Chloromethylated activated carbon: A useful new synthon for making a novel class of sorbents for heavy metal separations

William D. Samuels, Nikki H. LaFemina, Vichaya Sukwarotwat, Wassana Yantasee, Xiaohong S. Li, Glen E. Fryxell

Research output: Contribution to journalArticle

9 Scopus citations

Abstract

The chloromethylation of activated carbon is described. Chloromethylation was found to produce a carbon derivative with a surface area of 1310 m2/g and no significant change in the pore structure. The product was found to contain ~1.5 mmole of -CH2Cl groups per g of material, similar to the functional density reported in the original Merrifield resin synthesis. Displacement of the benzylic chloride was achieved by treating this material with an excess of sodium thiosulfate in refluxing aqueous methanol. The resulting Bunte salt was then hydrolyzed by treatment with warm 3 M HCl to afford the corresponding thiol ("AC-CH2-SH") cleanly and in high yield. AC-CH2-SH was found to be an effective heavy metal sorbent, efficiently capturing Hg, Pb, Ag, and Cu. Sorption kinetics were rapid, with equilibrium achieved in less than 30 minutes.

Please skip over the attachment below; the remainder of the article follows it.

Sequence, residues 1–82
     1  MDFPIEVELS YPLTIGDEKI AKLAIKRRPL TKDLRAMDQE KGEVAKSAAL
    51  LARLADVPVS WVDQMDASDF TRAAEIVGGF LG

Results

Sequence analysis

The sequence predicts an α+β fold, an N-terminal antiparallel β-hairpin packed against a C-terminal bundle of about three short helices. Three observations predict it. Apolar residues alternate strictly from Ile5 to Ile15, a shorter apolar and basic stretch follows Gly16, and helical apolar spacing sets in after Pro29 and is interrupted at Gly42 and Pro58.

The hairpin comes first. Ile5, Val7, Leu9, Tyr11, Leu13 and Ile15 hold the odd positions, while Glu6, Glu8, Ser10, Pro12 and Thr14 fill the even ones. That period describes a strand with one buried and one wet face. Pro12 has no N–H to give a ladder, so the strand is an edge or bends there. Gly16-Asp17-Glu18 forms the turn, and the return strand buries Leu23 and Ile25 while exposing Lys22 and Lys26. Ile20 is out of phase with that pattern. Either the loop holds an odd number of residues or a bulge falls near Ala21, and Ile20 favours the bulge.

Original languageEnglish (US)
Pages (from-to)228-235
Number of pages8
JournalSeparation Science and Technology
Volume45
Issue number2
DOIs
StatePublished - Jan 1 2010

Keywords

  • Activated carbon
  • Chemically modified
  • Chloromethylation
  • Heavy metal
  • Mercury
  • Nanoporous
  • Sorbent
  • Thiol

ASJC Scopus subject areas

  • Chemistry(all)
  • Chemical Engineering(all)
  • Process Chemistry and Technology
  • Filtration and Separation

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